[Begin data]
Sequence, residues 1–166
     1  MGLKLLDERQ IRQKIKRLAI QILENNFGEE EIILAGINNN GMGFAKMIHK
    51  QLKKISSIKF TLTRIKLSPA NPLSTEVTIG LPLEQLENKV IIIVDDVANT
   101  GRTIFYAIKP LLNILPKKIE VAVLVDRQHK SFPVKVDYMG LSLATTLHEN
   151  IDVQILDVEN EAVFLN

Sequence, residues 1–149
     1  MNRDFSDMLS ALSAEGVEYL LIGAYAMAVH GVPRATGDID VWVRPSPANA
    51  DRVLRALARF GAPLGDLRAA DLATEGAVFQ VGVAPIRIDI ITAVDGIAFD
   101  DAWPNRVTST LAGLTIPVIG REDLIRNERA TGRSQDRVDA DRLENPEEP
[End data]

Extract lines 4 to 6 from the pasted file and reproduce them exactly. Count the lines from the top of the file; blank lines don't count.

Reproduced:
   101  GRTIFYAIKP LLNILPKKIE VAVLVDRQHK SFPVKVDYMG LSLATTLHEN
   151  IDVQILDVEN EAVFLN

Sequence, residues 1–149